Photo Credit: Vishesh Sharma

For the indie artist Moses Sumney, natural environments are crucial to the creative process. So for his new film “Blacka...
01/03/2022

For the indie artist Moses Sumney, natural environments are crucial to the creative process. So for his new film “Blackalachia” he went to the mountains. Created over the course of two days, Sumney filmed an hour-long musical performance in the Blue Ridge Mountains of North Carolina. Birds chirp in between songs, the wind howls through the trees, all while he’s dressed glittering couture. He spoke with KCRW about making and directing the film, and leaving Los Angeles to create his music.

“I think there’s just something about a naturalistic environment that clears the mind and reopens the channel for writing and creation in general,” Sumney said.

Photo Credit: Spencer Kelly

EGOT Winner Rita Moreno joined  to share stories from her life and talk about the . And the joys and difficulties of joi...
12/14/2021

EGOT Winner Rita Moreno joined to share stories from her life and talk about the . And the joys and difficulties of joining the new cast of the .
"Until that minute I had always been known as Anita of West Side Story and I'm suddenly looking into another face Ariana Debose who by the way is just marvelous. . . It was so strange. I don't think it was any more comfortable for Ariana Debose,"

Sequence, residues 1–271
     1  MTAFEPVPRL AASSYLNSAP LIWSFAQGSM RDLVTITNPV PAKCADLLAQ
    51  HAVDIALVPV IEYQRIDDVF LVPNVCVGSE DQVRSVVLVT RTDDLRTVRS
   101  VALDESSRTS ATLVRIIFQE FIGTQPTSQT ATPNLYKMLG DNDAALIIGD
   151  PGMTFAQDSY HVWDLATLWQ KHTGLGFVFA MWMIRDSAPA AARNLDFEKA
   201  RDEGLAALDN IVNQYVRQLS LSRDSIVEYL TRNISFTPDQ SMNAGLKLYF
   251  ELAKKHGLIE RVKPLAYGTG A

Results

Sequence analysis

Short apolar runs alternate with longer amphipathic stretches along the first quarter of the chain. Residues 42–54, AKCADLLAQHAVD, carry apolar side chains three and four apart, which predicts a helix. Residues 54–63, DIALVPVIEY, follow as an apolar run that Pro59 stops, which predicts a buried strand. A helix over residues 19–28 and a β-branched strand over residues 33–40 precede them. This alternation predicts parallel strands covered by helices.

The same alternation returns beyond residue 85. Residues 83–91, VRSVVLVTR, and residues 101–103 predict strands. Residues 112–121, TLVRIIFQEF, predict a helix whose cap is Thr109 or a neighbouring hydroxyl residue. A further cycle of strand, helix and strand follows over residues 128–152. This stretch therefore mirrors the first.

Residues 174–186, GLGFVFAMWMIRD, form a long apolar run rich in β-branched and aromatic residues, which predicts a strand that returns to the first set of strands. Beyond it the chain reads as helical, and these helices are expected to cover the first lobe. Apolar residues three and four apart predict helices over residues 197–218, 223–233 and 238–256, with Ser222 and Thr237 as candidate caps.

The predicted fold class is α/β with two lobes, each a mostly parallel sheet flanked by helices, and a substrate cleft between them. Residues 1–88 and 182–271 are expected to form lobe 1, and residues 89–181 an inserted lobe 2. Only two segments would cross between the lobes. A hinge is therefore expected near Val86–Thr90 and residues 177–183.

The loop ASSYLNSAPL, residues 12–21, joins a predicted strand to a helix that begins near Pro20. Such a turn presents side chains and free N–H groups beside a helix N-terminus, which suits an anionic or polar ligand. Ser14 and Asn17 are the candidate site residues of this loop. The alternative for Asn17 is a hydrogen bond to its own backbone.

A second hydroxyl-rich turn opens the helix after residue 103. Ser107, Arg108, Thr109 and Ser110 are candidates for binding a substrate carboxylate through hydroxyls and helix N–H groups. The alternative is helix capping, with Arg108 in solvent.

Photo courtesy of Roadside Attractions and MGM Media Licensing

It’s been nearly 20 years since the halftime performance that birthed the term ‘wardrobe malfunction.’  looks back at th...
11/22/2021

It’s been nearly 20 years since the halftime performance that birthed the term ‘wardrobe malfunction.’ looks back at the events leading up to nipplegate and the backlash that followed and continues. talks to director .gomes about “Malfunction: The Dressing Down of Janet Jackson.”
“There were two people on stage that night, and one person clearly, her career was diminished while another one ascended and it's undeniable that that happened. And it's something that we wanted to speak truth to power in the film.”

Photo courtesy of